Mormon Dictionary AB
Mormonspeak (Mormon dictionary)
Learning to talk like (and understand) a Mormon
Aaronic Priesthood: one of two branches of the Priesthood in Mormonism. It is sometimes called the lesser Priesthood. It holds authority over physical ordinances like baptism and the Sacrament. It includes three offices: Deacon, Teacher, and Priest.
Active: In reference to members of the Mormon Church, active means that the person is faithful in attending Church services and meetings and in fulfilling his or her assignments.
Age of Accountability: The age at which a person becomes accountable for their actions and can be baptized into the Mormon Church. In Mormonism this age is eight. Mormons believe that little children are saved by Jesus Christ and that only a person capable of sinning needs to be baptized.
Agency: Mormonism teaches that agency, sometimes erroneously called free will, is a fundamental trait of mankind. Agency is the right and power to choose between good and evil, but we must nevertheless face the consequences of our choices. It was the subject of the War in Heaven.
Apostle: An office in the Melchizedek Priesthood, an apostle is called to be a special witness of Christ and His resurrection to the whole world and to preside over the whole Church under the direction of the First Presidency. An Apostle is also referred to as an Elder. There are twelve apostles in the Mormon Church.
Apostasy, the: Mormon doctrine teaches that internal rebellions and dissensions within the early Christian Church led to an apostasy, or falling away, from Christ’s original Church. This is referred to as the Great Apostasy. Mormons also believe that personal apostasy is possible and refers to rebellion against the Church.
Articles of Faith: In 1842, Joseph Smith wrote a letter explaining the doctrines and history of the Mormon Church to a newspaperman in Chicago. It ended with 13 simple declarations of the basic beliefs of Mormonism. These are called the Articles of Faith and are contained within the Pearl of Great Price.
Atonement: The supreme sacrifice made by Jesus Christ that allows mankind to be resurrected and to be forgiven of their sins and purified so that they can return to live with God. Mormonism teaches that the atonement encompasses Christ’s suffering from the night in the Garden of Gethsemane to His death on the cross, to its culmination with His glorious resurrection.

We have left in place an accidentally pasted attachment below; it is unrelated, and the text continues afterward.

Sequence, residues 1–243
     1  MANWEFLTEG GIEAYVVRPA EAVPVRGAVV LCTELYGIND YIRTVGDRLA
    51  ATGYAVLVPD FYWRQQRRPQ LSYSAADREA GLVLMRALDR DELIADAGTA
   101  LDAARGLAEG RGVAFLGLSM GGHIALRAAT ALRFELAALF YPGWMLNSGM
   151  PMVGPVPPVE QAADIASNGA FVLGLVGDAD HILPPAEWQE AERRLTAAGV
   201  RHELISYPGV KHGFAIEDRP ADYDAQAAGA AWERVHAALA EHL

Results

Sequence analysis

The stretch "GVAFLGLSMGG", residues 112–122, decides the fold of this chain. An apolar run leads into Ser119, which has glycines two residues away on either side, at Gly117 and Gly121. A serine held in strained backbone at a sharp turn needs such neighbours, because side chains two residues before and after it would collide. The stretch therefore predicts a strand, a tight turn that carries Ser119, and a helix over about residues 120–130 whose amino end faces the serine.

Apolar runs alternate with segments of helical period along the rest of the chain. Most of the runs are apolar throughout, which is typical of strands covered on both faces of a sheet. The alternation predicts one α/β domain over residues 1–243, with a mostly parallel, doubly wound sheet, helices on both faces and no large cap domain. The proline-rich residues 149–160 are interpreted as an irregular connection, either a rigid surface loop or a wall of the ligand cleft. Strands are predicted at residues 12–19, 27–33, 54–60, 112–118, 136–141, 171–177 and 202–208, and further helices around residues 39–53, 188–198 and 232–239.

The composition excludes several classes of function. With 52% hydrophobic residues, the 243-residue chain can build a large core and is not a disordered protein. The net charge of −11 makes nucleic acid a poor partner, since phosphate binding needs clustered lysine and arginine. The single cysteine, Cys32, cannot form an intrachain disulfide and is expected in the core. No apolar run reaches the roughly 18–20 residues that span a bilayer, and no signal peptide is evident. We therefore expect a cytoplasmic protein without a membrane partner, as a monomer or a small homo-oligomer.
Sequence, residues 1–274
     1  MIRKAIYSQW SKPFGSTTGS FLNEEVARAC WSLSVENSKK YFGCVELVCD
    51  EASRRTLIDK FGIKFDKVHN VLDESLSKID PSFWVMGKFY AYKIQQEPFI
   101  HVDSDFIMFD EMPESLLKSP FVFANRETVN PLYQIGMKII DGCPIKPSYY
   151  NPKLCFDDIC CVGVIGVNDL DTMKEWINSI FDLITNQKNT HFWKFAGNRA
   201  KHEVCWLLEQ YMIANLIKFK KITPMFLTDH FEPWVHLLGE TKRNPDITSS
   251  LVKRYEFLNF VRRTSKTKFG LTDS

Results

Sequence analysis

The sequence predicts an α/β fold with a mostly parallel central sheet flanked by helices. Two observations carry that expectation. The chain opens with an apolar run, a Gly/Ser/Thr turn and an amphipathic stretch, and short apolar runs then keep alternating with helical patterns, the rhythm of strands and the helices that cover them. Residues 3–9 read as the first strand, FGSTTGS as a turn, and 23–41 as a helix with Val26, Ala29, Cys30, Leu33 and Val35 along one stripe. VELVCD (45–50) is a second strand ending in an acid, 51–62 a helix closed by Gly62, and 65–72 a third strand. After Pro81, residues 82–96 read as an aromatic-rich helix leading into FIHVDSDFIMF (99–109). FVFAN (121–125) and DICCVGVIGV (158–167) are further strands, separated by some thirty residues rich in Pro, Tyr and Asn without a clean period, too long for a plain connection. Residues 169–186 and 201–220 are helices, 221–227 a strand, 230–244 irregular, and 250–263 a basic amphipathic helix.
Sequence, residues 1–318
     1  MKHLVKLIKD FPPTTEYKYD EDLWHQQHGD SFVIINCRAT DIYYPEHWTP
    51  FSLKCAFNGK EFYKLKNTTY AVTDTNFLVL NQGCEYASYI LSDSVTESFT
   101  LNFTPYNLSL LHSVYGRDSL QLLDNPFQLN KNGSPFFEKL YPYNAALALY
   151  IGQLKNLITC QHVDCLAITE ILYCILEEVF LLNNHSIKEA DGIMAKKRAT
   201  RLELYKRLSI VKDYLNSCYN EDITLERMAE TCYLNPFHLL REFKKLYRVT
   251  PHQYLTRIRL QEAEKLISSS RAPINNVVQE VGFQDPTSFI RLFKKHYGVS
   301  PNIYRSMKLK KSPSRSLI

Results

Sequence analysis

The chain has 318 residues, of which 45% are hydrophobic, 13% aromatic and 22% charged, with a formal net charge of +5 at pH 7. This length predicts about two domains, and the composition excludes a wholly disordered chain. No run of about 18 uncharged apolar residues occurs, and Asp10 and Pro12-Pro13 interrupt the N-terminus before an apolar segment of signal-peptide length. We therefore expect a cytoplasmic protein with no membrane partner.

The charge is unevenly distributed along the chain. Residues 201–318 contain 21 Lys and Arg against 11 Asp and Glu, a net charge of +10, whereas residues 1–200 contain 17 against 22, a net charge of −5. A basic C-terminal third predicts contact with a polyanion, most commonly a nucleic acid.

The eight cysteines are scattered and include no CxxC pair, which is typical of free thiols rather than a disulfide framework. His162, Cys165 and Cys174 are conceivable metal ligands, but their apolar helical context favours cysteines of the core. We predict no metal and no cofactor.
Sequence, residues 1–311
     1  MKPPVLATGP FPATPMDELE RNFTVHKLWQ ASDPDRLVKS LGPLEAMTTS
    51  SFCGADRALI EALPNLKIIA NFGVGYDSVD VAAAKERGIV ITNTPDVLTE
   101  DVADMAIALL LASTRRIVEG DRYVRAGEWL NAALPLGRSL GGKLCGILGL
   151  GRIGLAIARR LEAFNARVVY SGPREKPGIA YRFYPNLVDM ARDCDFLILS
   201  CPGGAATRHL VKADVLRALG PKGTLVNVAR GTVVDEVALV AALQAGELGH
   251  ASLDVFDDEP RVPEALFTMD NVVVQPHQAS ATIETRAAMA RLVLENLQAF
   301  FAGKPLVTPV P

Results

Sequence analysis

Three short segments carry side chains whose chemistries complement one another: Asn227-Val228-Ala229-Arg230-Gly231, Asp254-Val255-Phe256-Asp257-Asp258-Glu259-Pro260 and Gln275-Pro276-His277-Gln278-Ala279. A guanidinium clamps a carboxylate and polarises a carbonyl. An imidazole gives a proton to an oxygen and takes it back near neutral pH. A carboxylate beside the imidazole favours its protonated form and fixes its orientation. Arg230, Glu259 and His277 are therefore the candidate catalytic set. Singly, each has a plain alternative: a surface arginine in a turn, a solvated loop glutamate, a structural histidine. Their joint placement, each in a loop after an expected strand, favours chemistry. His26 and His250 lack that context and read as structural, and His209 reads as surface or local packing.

Auxiliaries: Those organizations of the Mormon Church such as Primary, Sunday School, and so on that are not essential for providing the ordinances of the Church, but rather assist by strengthening and teaching the membership.
Baptism by Fire: This term refers to the reception of the Holy Ghost at confirmation. Also, another experience that testifies to the suffering of the Savior. Also, receiving one’s “calling and election,” which means receiving the promise of exaltation from God through the Holy Ghost.
Baptism by Immersion: Mormons practice baptism by total immersion under the water for the remission of sins. This is a priesthood ordinance. Christ Himself was baptized by immersion.
Baptism for the Dead: Baptism performed on behalf of deceased ancestors who did not have a chance to hear about the Gospel of Jesus Christ in life and receive baptism. It must be performed in Temples through the power of the Priesthood.
Bearing a Testimony: In Mormonism, bearing, or sharing, a testimony means relating what you know or believe to be true or what God has done for you in your life. Mormons set aside one Sunday a month for testimony meetings.
Beehive: 1) The beehive symbol was used by early Mormon pioneers to represent industry and cooperation. 2) The name is also used for girls ages 12 and 13 in the Young Women’s program.
Bishop: The leader of a Mormon congregation (see Ward); a bishop presides in meetings, assigns callings to other members, collects tithing and offerings and distributes welfare funds. He is assisted by two counselors and must hold the Melchizedek Priesthood. A Bishop also presides over the Priests’ Quorum. Although the job of bishop is comparable to that of a Rabbi or Priest, he is unpaid and still pursues a vocation outside of the Church.
Blessing: Refers either to any blessing from God such as health, salvation, etc., or to a pronouncement of promises, spiritual guidance, and blessings given by the power of the priesthood to people seeking comfort or guidance such as comfort in times of stress or ill health. This latter is known as “blessing the sick.” See also Patriarchal Blessing.
Brother: Title used to refer to male members of the Mormon Church.
Brethren: An old-fashioned plural of brother often used to refer to the General Authorities of the Church.